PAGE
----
Kesselheim, A. S., Myers, J. A. & Avorn, J. Characteristics of clinical trials to support approval of orphan vs nonorphan drugs for cancer. JAMA 305, 2320–2326 (2011).
[No authors listed]. New drug, antibiotic, and biological drug product regulations; accelerated approval--FDA. Fed. Reg. 57, 13234–13242 (1992).
Micheel, C. M. & Ball, J. R. (eds) Evaluation of Biomarkers and Surrogate Endpoints in Chronic Disease (National Academies Press, 2010).
Vokinger, K. N. & Kesselheim, A. S. Characteristics of trials and regulatory pathways leading to US approval of innovative vs. non-innovative oncology drugs. Health Policy 123, 721–727 (2019).
Powers, J. H., Evans, S. R. & Kesselheim, A. S. Studying new antibiotics for multidrug resistant infections: are today’s patients paying for unproved future benefits? BMJ 360, k587 (2018).
Gyawali, B. & Kesselheim, A. S. FDA approval of new drugs based on non-inferiority trials in oncology: a dangerous precedent? JAMA Oncol. 5, 607–608 (2019).
Naci, H., Smalley, K. R. & Kesselheim, A. S. Characteristics of preapproval and postapproval studies for drugs granted accelerated approval by the US Food and Drug Administration. JAMA 318, 626–636 (2017).
Gyawali, B., Hey, S. P. & Kesselheim, A. S. Assessment of the clinical benefit of cancer drugs receiving accelerated approval. JAMA Intern. Med. 179, 906–913 (2019).
Gellad, W. F. & Kesselheim, A. S. Accelerated approval and expensive drugs — a challenging combination. N. Engl. J. Med. 376, 2001–2004 (2017).
FDA. CFR - Code of Federal Regulations Title 21 https://www.accessdata.fda.gov/scripts/cdrh/cfdocs/cfcfr/CFRSearch.cfm?fr=601.41 (2019).
Stewart, D. J. & Kurzrock, R. Cancer: the road to Amiens. J. Clin. Oncol. 27, 328–333 (2009).
Subbiah, V. & Kurzrock, R. The marriage between genomics and immunotherapy: mismatch meets its match. Oncologist 24, 1–3 (2019).
Shah, P. et al. Artificial intelligence and machine learning in clinical development: a translational perspective. NPJ Digit. Med. 2, 69 (2019).
European Medicines Agency. ICH E6 (R2) Good clinical practice https://www.ema.europa.eu/en/ich-e6-r2-good-clinical-practice (2016).
FDA. CFR - Code of Federal Regulations Title 21 https://www.accessdata.fda.gov/scripts/cdrh/cfdocs/cfcfr/CFRSearch.cfm (2019).
FDA. CFR - Code of Federal Regulations Title 21 https://www.accessdata.fda.gov/scripts/cdrh/cfdocs/cfcfr/CFRSearch.cfm?fr=312.64 (2019).
Good clinical practice network. 4. Investigator https://ichgcp.net/4-investigator/ (2016).
Kantarjian, H. M. et al. Cancer research in the United States: a critical review of current status and proposal for alternative models. Cancer 124, 2881–2889 (2018).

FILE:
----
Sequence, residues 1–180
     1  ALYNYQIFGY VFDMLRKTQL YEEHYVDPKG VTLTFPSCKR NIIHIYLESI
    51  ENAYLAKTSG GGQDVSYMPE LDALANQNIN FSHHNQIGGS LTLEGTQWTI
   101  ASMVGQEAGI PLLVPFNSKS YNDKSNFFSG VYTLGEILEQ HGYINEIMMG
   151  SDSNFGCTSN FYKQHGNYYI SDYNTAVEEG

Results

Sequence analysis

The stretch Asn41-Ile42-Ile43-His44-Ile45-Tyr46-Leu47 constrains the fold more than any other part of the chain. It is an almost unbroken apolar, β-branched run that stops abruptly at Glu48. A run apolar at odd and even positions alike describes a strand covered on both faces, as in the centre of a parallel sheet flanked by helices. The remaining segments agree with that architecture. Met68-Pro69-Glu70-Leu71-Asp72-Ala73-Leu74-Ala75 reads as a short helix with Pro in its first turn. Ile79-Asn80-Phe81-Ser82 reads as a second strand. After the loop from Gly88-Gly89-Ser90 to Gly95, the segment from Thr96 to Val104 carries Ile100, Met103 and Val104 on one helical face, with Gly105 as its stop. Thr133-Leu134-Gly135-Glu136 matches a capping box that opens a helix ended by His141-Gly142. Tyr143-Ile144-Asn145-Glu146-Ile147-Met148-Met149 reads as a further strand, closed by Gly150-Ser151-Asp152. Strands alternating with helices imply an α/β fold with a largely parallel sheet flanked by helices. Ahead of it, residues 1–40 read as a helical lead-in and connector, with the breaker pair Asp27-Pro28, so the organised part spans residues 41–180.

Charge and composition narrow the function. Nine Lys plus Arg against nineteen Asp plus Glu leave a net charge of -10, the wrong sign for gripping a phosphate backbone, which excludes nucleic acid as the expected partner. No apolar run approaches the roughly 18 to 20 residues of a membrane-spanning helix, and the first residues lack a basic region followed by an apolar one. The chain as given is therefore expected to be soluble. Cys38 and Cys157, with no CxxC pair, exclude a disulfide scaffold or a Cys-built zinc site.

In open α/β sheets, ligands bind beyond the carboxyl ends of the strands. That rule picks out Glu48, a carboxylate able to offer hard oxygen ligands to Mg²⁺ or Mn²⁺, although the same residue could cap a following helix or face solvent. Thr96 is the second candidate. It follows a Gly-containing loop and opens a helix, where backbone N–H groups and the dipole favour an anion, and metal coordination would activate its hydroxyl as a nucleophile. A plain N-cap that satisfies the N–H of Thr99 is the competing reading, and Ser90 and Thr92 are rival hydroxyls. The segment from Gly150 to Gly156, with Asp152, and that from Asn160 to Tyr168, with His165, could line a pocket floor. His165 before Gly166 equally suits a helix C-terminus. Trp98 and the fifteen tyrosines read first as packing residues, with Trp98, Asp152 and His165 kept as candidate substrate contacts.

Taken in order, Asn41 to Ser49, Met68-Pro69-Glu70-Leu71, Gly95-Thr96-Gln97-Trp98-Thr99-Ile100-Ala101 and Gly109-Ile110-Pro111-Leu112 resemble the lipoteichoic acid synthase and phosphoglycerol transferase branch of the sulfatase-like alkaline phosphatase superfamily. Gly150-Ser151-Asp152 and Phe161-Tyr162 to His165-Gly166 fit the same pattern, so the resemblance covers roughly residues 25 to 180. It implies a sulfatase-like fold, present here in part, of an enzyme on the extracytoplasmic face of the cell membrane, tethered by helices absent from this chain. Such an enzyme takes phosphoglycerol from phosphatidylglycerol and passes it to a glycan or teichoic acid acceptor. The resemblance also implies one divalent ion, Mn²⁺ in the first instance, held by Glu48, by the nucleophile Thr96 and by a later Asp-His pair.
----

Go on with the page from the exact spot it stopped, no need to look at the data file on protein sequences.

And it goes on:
Kim, E. S. et al. Broadening eligibility criteria to make clinical trials more representative: American Society of Clinical Oncology and Friends of Cancer Research joint research statement. J. Clin. Oncol. 35, 3737–3744 (2017).
Sherman, R. E. et al. Real-world evidence — what is it and what can it tell us? N. Engl. J. Med. 375, 2293–2297 (2016).
The work of R.K. is funded in part by the Joan and Irwin Jacobs Fund and by National Cancer Institute grant P30 CA023100. The work of A.S.K. is funded by Arnold Ventures, the Harvard-MIT Center for Regulatory Science, and the Engelberg Foundation.
R.K. receives research funding from Foundation Medicine, Genentech, Grifols, Guardant Health, Incyte, Konica Minolta, Merck Serono, Pfizer and Sequenom, and consultant fees from Actuate Therapeutics, Genentech, LOXO, NeoMed and X-Biotech. She receives speaker fees from Roche and has an equity interest in Curematch and IDbyDNA. H.M.K. has received research funding from Abbvie, Agios, Amgen, Ariad, Astex, BMS, Cyclacel, Daiichi–Sankyo, Immunogen, Jazz pharma, Novartis and Pfizer, and declares honoraria from Abbvie, Actinium, Agios, Amgen, Pfizer and Takeda. The other contributors declare no competing interests.
All comments by Hagop Kantarjian are his personal opinions and do not reflect the opinions of his institutional affiliation.
Springer Nature remains neutral with regard to jurisdictional claims in published maps and institutional affiliations.
FDA Adverse Event Reporting System: https://open.fda.gov/data/faers/
About this article
Cite this article
Kurzrock, R., Kantarjian, H.M., Kesselheim, A.S. et al. New drug approvals in oncology. Nat Rev Clin Oncol 17, 140–146 (2020). https://doi.org/10.1038/s41571-019-0313-2
This article is cited by
Molecular Biology Reports (2023)
Journal of Hematology & Oncology (2022)
Nature Reviews Drug Discovery (2022)
The paediatric cancer clinical research landscape in Spain: a 13-year multicentre experience of the new agents group of the Spanish Society of Paediatric Haematology and Oncology (SEHOP)
Clinical and Translational Oncology (2021)
Signal Transduction and Targeted Therapy (2020)